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Inj Prev. 2009 Feb;15(1):19-23. doi: 10.1136/ip.2008.019356.

Understanding reasons for non-compliance in motorcycle helmet use among adolescents in Greece.

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Center for Research and Prevention of Injuries, Department of Hygiene, Epidemiology and Medical Statistics, Athens University Medical School, Athens, Greece.



To explore attitudes towards two-wheel motorized vehicle (TWMV) helmet use among adolescents in a country with poor legal compliance.


Self-administered questionnaires were completed by 523 high school students to define the sample of a qualitative study; thereafter, the Health Belief Model (HBM) was applied in 12 focus groups comprising 70 students.


Three randomly selected public secondary schools in middle-income areas of Athens, Greece.


Students reporting frequent helmet use were characterized by a high perceived threat of a TWMV-related injury, which seemed to be associated with both prior experience of an injury and receiving information on helmet wearing from "significant others." Students reporting helmet non-use were characterized by a low threat perception, possibly attributable to adolescent egocentrism and accompanying feelings of invulnerability or to lack of knowledge and experience in risk identification. A sharp contrast was noted regarding the most important perceived benefit of helmet use, expressed among users as "protection in the case of a road crash" and among non-users as "avoiding tickets from traffic police". Main barriers to helmet use, as identified by non-users, included: low perceived efficacy of helmets; peer pressure; lack of appropriate information on helmet use; high helmet cost; lack of convenience; vision and hearing disturbance; and style reasons.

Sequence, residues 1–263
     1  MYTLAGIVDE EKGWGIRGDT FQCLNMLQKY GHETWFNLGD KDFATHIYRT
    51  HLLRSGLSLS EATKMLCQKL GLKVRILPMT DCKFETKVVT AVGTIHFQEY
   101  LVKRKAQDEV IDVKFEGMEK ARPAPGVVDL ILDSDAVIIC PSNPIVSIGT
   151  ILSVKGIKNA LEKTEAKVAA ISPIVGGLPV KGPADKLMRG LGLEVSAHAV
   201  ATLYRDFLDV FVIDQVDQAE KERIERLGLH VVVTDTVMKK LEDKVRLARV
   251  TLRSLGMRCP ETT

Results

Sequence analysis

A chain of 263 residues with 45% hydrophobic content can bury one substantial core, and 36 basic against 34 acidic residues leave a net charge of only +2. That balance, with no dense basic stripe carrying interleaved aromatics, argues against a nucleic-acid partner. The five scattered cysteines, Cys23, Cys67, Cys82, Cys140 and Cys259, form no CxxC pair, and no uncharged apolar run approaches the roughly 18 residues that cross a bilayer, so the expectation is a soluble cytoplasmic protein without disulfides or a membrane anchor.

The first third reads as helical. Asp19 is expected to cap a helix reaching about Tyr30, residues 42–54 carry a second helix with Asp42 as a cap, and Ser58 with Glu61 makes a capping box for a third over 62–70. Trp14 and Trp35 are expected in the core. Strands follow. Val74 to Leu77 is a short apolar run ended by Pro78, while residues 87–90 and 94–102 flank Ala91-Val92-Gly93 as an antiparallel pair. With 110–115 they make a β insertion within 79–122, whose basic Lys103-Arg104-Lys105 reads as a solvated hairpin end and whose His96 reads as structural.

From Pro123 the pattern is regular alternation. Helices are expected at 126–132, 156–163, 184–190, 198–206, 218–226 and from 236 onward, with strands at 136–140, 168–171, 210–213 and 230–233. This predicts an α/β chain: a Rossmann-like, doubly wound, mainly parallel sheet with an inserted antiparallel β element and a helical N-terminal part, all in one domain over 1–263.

When social norms of low compliance to safety laws prevail, qualitative research can assist in developing tailored educational interventions targeting behavior modification among adolescents.

[Indexed for MEDLINE]

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